You might have noticed the button I've put up on the site.
And surely you're asking yourself, "why, in this day and age, would a person not have medical insurance to cover those costs?"
Long, convoluted story. Or maybe not so convoluted.
I'm a contract employee with no benefits; in the tech industry, this isn't altogether unusual. When my current medical crisis began, though, we all thought it was related to an old Army back injury, which would be covered by the Veterans Administration. Then last autumn, I was informed by my management that my employment status would be upgraded and converted to regular (benefitted) at the start of 2007.
In short, I had no need to buy insurance. I was covered for this. Then, two things happened.
First, the doctors changed their assessment of the cause of my medical problems. No longer could it be attributed to my VA-coverable injury, so naturally the VA will not cover my medical care. I don't begrudge them this at all; that's just the way things are. I checked this every which way; the only way I could receive treatment from the VA would be if I were unemployed and homeless, which isn't about to happen.
Second — and this is the irksome bit — someone at the VP level at my place of employment decided that the best way to make his budget numbers look good to his boss was to freeze all personnel actions. I'm not the only person who has been waiting since January to receive an overdue promotion or even conversion to "regular" status.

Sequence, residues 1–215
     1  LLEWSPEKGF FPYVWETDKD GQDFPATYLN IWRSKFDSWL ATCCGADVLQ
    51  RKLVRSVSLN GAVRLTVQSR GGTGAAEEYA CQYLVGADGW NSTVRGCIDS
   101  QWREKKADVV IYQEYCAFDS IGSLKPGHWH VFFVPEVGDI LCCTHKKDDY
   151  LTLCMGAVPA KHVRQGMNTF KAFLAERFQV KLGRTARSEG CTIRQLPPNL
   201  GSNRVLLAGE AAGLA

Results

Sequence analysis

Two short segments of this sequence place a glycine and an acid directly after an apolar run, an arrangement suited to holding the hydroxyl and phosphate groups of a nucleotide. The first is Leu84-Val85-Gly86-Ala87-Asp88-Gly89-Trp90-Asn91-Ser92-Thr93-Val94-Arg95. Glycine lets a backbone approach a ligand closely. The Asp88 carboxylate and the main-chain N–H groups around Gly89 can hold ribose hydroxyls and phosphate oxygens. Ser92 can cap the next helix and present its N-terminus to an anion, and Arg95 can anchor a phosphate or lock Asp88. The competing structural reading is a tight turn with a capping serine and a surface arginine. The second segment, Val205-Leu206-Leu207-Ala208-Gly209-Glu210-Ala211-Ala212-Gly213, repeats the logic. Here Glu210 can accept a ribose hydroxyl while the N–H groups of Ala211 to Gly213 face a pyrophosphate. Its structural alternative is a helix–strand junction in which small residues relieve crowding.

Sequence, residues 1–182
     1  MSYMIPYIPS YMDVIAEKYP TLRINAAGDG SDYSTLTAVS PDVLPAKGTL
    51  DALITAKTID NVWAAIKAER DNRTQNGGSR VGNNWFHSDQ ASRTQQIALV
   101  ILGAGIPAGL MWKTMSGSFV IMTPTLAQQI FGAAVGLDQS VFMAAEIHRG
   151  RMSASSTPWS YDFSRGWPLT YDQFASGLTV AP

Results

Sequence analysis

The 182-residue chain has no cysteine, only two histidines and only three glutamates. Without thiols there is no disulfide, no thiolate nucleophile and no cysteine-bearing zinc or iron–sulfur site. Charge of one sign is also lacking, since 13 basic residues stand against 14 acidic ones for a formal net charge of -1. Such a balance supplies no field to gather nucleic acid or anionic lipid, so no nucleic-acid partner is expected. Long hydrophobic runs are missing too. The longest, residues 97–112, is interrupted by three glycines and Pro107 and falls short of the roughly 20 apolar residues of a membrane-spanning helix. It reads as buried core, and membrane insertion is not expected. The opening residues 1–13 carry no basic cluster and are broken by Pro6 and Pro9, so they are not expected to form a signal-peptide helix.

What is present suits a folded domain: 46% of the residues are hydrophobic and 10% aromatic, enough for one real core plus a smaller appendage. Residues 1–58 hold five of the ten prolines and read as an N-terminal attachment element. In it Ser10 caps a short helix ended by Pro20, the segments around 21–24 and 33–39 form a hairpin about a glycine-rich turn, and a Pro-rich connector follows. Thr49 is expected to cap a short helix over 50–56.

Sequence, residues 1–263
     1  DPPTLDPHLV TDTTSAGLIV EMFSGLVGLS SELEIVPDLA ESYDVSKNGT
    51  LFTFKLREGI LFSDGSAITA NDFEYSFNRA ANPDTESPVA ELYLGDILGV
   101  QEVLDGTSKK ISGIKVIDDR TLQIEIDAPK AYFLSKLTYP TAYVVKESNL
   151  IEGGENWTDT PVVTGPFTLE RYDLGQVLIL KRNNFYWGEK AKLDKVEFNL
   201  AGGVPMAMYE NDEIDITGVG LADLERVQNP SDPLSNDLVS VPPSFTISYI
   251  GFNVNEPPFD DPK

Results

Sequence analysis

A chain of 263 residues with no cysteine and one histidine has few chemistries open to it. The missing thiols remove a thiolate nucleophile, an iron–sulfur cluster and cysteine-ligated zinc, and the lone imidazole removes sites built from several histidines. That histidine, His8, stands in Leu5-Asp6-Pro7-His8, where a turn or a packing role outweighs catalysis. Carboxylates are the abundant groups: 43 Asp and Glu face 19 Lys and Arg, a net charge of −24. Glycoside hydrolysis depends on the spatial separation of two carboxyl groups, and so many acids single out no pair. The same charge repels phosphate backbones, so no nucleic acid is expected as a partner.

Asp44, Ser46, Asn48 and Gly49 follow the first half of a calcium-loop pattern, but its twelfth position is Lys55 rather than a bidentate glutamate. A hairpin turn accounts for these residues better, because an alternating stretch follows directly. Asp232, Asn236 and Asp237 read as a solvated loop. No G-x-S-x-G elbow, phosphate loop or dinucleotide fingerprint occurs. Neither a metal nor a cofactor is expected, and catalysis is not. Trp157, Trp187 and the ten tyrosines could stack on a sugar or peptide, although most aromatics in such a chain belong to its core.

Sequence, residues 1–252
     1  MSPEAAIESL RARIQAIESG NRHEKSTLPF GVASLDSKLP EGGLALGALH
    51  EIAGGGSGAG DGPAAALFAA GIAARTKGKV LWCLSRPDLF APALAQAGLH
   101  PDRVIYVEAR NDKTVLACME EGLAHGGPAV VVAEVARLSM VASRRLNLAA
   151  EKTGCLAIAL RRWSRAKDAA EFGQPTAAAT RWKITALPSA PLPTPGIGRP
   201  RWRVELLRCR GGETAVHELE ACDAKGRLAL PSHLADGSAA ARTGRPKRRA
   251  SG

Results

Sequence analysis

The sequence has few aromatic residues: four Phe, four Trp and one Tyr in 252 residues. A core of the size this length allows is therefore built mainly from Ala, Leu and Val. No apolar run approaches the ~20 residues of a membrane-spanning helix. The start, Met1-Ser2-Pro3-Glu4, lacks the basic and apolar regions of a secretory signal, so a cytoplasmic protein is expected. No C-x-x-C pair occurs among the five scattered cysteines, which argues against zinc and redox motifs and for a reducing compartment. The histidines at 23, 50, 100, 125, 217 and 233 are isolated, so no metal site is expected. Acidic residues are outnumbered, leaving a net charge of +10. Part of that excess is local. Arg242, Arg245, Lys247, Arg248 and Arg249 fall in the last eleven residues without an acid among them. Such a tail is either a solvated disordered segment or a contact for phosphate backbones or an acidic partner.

This, mind you, in an organization and at a company that professes to believe that its people are its most important asset. They sure have a funny way of showing it.
Me and a dozen of my coworkers have had our careers put on hold, just so a VP can maximize his annual bonus. I hope he chokes on it.
I'd have walked out the door to a new employer months ago, except for the inconvenient fact that I can't actually walk. As soon as I can walk, though, I will walk. But not before I visit the VP and leave him my crutches as a reminder that "personnel actions" have a human cost.
So that's where things stand. I'm at a job I can't afford to leave and at which I cannot afford to stay, and I can't get new employment until I can actually walk into a job interview.
Of course, I can't now get insurance to cover this now-preexisting condition. This is what is known as "slipping through the cracks." Or "bad luck." So be it. As I have noted before, if we had a Hillarycare-style system, I'd still be waiting to see a neurologist; indeed, it probably would have been illegal for me to get this far by paying cash.
In the meantime, I've run up tens of thousands of dollars in medical bills, all paid out of pocket. The total is likely to double before all this is over, however — especially if they're going to do this to me. My pockets only go so deep... and I've already reached the lint.
And that is why I've put the tipjar/begging bowl front and center, and right here:
Probably the brain surgery.